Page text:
Goldman sees US corporate earnings as early signs that consumers are tightening their belts


According to Goldman Sachs Group, early evidence of belt tightening affecting corporate earnings is posing a greater risk to US equities than US household selling.

High inflation and falling asset prices have begun to weigh on household finances, Goldman strategists led by David Kostin wrote on Friday. They cited the 0.3 percent drop in retail sales in May and June’s record low in Michigan consumer sentiment.

Retailers like Target and Walmart appear to have overestimated consumer demand in some broad merchandise categories and are now reducing items to shed excess inventory, the strategists said.

“Slowing consumer spending poses a threat to earnings for consumer discretionary and the auto industry group in particular,” they said.

“Used car prices have fallen 6 percent since January, a sign that overall demand for vehicles could be faltering.

Goldman continues to expect the S&P 500 to end the year at 4,300 points, compared to a median of 4,650 among strategic targets compiled by Bloomberg in mid-June.

The gauge closed at 3,911.74 on Friday. It’s down about 18 percent so far this year, struggling with factors like Federal Reserve rate hikes and stubbornly high inflation.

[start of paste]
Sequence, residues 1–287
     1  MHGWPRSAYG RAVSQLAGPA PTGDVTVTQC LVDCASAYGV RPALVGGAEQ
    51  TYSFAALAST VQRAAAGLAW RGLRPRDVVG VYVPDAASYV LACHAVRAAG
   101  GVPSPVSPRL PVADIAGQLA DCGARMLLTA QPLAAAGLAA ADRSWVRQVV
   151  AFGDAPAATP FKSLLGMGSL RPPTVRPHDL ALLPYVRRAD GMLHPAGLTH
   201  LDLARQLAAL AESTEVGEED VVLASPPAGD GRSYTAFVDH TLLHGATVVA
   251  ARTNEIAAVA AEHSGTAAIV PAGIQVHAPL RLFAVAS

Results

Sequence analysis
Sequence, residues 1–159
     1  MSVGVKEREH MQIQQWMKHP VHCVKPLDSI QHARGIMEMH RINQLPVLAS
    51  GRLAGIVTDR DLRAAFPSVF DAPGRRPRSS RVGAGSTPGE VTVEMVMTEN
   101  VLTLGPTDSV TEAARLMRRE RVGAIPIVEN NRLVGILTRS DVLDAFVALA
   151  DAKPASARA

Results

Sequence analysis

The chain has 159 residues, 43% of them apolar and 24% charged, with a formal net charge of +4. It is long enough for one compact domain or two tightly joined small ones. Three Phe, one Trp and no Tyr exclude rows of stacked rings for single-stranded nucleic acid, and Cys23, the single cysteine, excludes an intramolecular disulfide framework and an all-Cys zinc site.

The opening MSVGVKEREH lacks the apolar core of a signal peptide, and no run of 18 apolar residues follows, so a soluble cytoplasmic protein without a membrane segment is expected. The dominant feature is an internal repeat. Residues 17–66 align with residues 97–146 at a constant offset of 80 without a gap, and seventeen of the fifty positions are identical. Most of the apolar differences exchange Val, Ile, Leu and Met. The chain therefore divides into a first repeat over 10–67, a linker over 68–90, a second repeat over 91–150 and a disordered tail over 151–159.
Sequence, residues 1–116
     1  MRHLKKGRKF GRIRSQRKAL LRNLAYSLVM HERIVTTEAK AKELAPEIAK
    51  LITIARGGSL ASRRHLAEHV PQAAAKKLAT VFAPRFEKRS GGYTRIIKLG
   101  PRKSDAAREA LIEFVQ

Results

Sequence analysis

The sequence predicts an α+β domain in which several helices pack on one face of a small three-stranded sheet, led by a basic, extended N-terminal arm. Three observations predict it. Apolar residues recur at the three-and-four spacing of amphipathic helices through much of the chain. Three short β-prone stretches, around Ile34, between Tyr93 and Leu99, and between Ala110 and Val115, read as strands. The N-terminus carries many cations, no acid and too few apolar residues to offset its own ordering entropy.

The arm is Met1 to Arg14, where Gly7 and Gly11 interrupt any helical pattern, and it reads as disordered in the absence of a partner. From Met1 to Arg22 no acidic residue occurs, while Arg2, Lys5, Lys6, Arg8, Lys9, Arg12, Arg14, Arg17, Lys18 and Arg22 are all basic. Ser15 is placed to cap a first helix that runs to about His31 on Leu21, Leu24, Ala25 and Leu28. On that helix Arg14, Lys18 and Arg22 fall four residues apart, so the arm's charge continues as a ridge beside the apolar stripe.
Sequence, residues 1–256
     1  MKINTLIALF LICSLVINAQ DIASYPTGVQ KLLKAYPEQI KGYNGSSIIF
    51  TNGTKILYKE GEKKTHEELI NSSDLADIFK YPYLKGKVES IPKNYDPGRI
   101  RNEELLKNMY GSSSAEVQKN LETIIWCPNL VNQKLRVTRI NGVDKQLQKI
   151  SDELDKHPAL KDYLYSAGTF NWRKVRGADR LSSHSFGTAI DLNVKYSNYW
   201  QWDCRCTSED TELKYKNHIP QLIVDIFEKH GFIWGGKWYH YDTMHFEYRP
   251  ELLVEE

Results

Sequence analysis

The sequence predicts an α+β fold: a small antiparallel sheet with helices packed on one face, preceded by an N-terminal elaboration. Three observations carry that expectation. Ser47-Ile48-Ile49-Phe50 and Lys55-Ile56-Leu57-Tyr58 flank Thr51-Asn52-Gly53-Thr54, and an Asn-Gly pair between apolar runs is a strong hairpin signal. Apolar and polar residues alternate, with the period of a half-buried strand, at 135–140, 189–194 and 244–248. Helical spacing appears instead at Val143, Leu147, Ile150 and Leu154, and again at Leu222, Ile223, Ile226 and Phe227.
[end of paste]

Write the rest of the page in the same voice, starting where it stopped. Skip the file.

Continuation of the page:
Leaders of the Group of Seven discussed how to coordinate measures to combat rising inflation, stave off a looming recession and keep up the pressure on Russia over its invasion of Ukraine at the opening event of their meeting in the Bavarian Alps.

Some investors worry that higher living costs, rising bond yields and weak trailing stock returns could lead to stock market household capitulation and further pressure on stocks, Kostin and his team said.

But the data shows that household demand for equities has remained “surprisingly strong” this year, they said.

Since most ownership is held by the wealthiest people, who are more protected from inflation, and companies tend to buy when households are selling, the company is less concerned about that than about factors that would drive stocks down.

“The S&P 500 has risen an average of 8 percent in the years since 1950 when households were most aggressively selling stocks,” the strategists wrote.

Bloomberg Goldman sees US corporate earnings as early signs that consumers are tightening their belts

Fry Electronics Team

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